My First Year Of Multiple Sclerosis Diagnosis

by Sara on January 16, 2010

First Year Of Multiple Sclerosis

Sara’s First MRI

My first year of Multiple Sclerosis went by so quickly.

Year one of my Multiple Sclerosis diagnosis wrapped up about a month ago (I was diagnosed December 10 2008) and I’ve been reflecting on all the randomness and misinformation about the disease. As a lot of things in my life begin to come together (I’m growing up finally!) I find myself mourning the diagnosis more now than I did initially.

No one knows what causes MS and there is no cure. The idea of the cure is threefold: 1 – prevention of the disease, 2 – prevention of further progression of the disease, and 3 – reversal of disability caused by the disease. Theories are that those genetically prone to it may have it set off by exposure to a virus (probably the Epstein-Barr virus), that is is solely due to a vitamin D deficiency, and that a vascular disorder causes a backup of blood that leads to iron deposits in the brain. At any rate, the effect is that the immune system attacks the central nervous system, destroying myelin and the nerves that it protects. About 3/4 of all those diagnosed with MS are women.

For the newly diagnosed:

      • Find a neurologist you like and trust. Don’t be afraid to switch.
      • Most of your problems are invisible – don’t expect anyone to understand (sorry).
      • Whatever feels unbearable right now will probably pass.
      • Watch the webcasts, listen to the podcasts, and get Momentum magazine.
      • Stay out of the heat at all costs.
      • Holistic remedies are not proven to be effective. If it sounds crazy it probably is.
      • Neurologic problems and muscle relaxers often lead to sleep apnea.
      • Common MS symptoms are : fatigue, lack of balance, random pain from innocuous stimuli, spasticity, blurry vision, vertigo
      • There are several types of MS. Relapsing-Remitting means you have an attack and then heal to some degree. Progressive means you have a gradual loss of ability that does not heal. Many of us with relapsing-remitting MS will develop progressive MS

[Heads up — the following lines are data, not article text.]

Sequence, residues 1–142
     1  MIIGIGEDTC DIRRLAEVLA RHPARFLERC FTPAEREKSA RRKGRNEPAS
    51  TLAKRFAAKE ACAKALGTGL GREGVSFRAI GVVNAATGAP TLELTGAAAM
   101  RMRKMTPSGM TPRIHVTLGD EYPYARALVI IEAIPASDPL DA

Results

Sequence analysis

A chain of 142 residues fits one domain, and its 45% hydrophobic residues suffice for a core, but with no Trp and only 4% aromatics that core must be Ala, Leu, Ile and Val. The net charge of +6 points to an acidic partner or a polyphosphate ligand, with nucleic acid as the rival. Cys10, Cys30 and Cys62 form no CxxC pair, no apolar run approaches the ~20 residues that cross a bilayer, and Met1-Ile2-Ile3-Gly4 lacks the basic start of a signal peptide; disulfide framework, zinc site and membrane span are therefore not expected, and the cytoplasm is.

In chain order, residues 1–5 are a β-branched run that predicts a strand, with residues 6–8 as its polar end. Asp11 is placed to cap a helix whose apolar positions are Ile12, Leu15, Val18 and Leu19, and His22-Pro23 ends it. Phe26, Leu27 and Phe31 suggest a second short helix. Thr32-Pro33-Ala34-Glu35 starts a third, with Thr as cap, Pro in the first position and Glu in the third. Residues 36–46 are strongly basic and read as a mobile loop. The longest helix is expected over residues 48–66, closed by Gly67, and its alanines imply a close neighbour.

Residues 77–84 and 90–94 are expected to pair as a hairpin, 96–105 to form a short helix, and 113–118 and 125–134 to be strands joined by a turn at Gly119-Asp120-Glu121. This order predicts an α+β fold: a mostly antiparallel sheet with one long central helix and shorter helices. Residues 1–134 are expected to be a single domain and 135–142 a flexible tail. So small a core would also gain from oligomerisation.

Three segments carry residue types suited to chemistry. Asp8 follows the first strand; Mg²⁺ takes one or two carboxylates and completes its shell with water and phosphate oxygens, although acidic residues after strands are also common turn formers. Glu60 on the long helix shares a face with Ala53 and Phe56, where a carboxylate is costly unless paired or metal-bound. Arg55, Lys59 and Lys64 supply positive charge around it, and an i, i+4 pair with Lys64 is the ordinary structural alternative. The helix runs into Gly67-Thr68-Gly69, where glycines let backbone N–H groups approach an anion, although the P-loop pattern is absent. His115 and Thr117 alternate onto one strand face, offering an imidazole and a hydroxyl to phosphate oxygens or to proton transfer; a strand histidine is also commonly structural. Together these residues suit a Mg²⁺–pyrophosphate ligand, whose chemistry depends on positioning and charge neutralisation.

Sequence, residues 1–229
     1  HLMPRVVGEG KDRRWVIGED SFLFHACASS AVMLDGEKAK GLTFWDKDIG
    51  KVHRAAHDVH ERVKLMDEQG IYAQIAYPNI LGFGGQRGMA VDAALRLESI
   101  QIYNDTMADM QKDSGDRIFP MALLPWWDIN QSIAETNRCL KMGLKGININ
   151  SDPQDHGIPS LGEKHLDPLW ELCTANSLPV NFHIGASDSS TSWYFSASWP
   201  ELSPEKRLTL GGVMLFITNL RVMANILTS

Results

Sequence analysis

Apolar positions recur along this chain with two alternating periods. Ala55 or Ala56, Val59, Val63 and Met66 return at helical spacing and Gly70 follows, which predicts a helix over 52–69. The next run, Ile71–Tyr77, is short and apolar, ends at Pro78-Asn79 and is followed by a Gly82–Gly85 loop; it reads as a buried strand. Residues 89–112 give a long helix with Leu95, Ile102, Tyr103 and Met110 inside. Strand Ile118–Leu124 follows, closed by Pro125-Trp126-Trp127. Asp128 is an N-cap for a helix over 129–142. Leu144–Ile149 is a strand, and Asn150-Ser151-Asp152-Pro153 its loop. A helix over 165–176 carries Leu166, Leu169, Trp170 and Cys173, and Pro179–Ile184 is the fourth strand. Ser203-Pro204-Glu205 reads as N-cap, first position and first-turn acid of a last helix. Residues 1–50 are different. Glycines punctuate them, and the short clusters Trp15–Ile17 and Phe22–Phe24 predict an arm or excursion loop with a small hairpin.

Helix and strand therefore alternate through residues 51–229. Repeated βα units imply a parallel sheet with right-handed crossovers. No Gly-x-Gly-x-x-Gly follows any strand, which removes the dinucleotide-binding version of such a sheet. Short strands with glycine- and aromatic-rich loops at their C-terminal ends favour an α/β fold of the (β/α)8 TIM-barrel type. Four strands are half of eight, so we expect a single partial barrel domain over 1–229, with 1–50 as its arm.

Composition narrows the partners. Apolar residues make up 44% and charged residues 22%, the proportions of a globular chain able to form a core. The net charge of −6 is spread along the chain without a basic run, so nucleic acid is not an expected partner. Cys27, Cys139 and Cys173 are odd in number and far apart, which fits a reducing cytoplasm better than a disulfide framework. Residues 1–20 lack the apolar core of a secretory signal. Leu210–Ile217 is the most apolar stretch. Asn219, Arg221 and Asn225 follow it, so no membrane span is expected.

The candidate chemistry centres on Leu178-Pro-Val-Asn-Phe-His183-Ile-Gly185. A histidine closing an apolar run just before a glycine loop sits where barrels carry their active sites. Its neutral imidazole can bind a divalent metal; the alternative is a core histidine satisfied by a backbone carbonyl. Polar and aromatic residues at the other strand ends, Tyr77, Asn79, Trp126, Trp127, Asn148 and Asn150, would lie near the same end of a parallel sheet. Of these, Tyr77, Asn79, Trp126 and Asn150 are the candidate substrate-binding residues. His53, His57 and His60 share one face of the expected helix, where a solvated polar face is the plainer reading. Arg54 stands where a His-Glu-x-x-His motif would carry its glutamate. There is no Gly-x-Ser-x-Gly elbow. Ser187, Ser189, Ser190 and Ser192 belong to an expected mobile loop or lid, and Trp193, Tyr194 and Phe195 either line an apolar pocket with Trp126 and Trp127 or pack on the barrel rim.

• Deaths resulting from MS are usually caused by liver failure resulting from Interferon or by infection due to lack of mobility. In general your lifespan will not be shortened.
      • You absolutely will never get the reaction you expect or desire when you tell someone about your diagnosis.
      • No two people with MS will ever have more than a passing similarity of symptoms or progression.
      • Caffeine makes all symptoms worse.
      • You will eventually develop a sense of humor about what you’re going through. That doesn’t mean you won’t freak out from time to time.
      • Cats are good for people with health problems. Really. My neurologist has a whole poster up about it.
      • Everyone needs a “care partner.” Will (my husband) has been amazing to me. Amazing.

I had dealt with spasms in my right eyelid for about a year when I went to my optometrist.  She decided that it was more than just stress and referred me to a lid specialist who treated me with 3 sessions of Botox injections over the course of nearly a year. Each time the Botox wore off the spasms would start again, so we pursued an MRI to check for nerve damage although the lid specialist didn’t expect to find anything. I have a family history of MS – my father has it as well as 2 of his sisters.  The lid specialists said that he had about 20 new patients every week who needed Botox injections to stop those pesky eye twitches and none had ever had MS. In the time that has passed, I have noticed that I am not the only person who had persistent eyelid issues prior to diagnosis or during their first year of Multiple Sclerosis.

Being extremely claustrophobic I requested an open MRI. Having now had both an open and closed MRI I just recommend the closed one. Open MRIs are really not that “open” and take less detailed images. The MRI takes a long time, the contrast fluid feels terrible, and when you ask the tech if they see anything unusual they will lie badly. The machines bang pretty loudly. You have to keep your mind occupied during the hour or two you’re in an MRI – being fascinated with myths I think I told myself the story of Isis and Osiris both times.